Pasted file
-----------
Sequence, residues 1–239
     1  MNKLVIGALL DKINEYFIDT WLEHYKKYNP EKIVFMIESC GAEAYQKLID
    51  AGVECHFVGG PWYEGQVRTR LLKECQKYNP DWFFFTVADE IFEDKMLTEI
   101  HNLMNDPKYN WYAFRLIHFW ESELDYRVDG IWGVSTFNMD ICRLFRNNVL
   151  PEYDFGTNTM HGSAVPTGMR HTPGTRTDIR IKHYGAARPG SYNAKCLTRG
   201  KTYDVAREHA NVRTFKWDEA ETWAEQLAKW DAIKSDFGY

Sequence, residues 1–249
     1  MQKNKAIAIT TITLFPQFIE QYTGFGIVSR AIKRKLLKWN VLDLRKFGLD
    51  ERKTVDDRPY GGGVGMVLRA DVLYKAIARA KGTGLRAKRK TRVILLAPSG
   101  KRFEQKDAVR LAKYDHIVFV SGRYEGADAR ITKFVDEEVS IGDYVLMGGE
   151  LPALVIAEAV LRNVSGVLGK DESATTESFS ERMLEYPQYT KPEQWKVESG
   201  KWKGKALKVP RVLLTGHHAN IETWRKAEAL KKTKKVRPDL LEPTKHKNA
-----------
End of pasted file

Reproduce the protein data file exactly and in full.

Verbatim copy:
Sequence, residues 1–239
     1  MNKLVIGALL DKINEYFIDT WLEHYKKYNP EKIVFMIESC GAEAYQKLID
    51  AGVECHFVGG PWYEGQVRTR LLKECQKYNP DWFFFTVADE IFEDKMLTEI
   101  HNLMNDPKYN WYAFRLIHFW ESELDYRVDG IWGVSTFNMD ICRLFRNNVL
   151  PEYDFGTNTM HGSAVPTGMR HTPGTRTDIR IKHYGAARPG SYNAKCLTRG
   201  KTYDVAREHA NVRTFKWDEA ETWAEQLAKW DAIKSDFGY

Sequence, residues 1–249
     1  MQKNKAIAIT TITLFPQFIE QYTGFGIVSR AIKRKLLKWN VLDLRKFGLD
    51  ERKTVDDRPY GGGVGMVLRA DVLYKAIARA KGTGLRAKRK TRVILLAPSG
   101  KRFEQKDAVR LAKYDHIVFV SGRYEGADAR ITKFVDEEVS IGDYVLMGGE
   151  LPALVIAEAV LRNVSGVLGK DESATTESFS ERMLEYPQYT KPEQWKVESG
   201  KWKGKALKVP RVLLTGHHAN IETWRKAEAL KKTKKVRPDL LEPTKHKNA